If you believe you may be an employee of the payer, see Publication 1779, Independent Contractor or Employee for an explanation of the difference between an independent contractor and an employee. For more information on employer-employee relationships, refer to Chapter 2 of Publication 15, (Circular E), Employer's Tax Guide, Chapter 2 of Publication 15-A, Employer's Supplemental Tax Guide, Independent Contractor (Self-Employed) or Employee? and Tax Topic 762, Independent Contractor vs. Employee.
The boss is also not paying payroll taxes or having to provide benefits.
If payment for services you provided is listed in box 7 of Form 1099-MISC, Miscellaneous Income, the payer is treating you as a self-employed worker, also referred to as an independent contractor.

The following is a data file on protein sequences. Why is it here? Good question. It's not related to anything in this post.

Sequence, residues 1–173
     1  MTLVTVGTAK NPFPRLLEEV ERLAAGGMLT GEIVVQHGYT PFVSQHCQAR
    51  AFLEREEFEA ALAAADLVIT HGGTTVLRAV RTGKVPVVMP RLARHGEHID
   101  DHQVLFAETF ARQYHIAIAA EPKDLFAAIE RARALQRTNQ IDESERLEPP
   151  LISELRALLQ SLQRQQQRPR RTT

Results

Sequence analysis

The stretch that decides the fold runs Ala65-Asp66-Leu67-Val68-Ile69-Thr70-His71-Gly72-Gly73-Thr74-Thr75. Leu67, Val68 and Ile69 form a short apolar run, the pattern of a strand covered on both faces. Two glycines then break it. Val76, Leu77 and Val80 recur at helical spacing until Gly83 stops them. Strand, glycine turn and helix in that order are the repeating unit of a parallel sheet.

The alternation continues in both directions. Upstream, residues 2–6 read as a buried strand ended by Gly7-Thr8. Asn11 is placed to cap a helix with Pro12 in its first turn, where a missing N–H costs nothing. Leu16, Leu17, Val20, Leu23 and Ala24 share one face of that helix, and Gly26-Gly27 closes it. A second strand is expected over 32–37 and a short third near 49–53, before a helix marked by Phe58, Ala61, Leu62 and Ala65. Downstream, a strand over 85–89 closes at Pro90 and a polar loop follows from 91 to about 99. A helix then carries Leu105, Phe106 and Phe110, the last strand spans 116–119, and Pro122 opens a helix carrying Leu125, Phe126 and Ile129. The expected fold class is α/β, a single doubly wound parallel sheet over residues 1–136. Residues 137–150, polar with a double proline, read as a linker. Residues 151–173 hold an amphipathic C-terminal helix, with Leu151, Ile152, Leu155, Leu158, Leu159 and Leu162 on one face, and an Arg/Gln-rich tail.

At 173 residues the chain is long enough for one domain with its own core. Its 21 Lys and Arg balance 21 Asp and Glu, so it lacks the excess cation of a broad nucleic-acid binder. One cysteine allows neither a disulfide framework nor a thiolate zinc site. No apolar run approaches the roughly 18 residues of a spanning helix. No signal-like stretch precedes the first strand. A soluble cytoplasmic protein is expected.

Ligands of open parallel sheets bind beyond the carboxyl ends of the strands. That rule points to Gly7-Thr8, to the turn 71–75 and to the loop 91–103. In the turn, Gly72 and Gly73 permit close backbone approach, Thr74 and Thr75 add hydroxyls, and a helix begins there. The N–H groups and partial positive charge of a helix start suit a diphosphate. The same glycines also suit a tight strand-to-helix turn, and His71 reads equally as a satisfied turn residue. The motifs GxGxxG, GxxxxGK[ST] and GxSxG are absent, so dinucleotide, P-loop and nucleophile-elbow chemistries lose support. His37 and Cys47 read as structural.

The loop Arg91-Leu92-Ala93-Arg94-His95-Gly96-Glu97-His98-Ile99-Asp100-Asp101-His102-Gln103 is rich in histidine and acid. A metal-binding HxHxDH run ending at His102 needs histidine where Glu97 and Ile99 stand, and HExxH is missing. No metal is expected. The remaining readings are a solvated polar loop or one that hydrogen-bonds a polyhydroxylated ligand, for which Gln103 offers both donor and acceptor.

- You don't necessarily have to have a business for payments for your services to be reported on Form 1099-MISC. You may simply perform services as a non-employee.
- The payer has determined that an employer-employee relationship doesn't exist in your case.
Your son will have to file "as-if he has a business". The good thing about that is, your son will be able to deduct self-employed business expenses.
- However, regularly commuting to and from a fixed office wouldn't qualify
[Edited 4-9-19|11:05 am PST]
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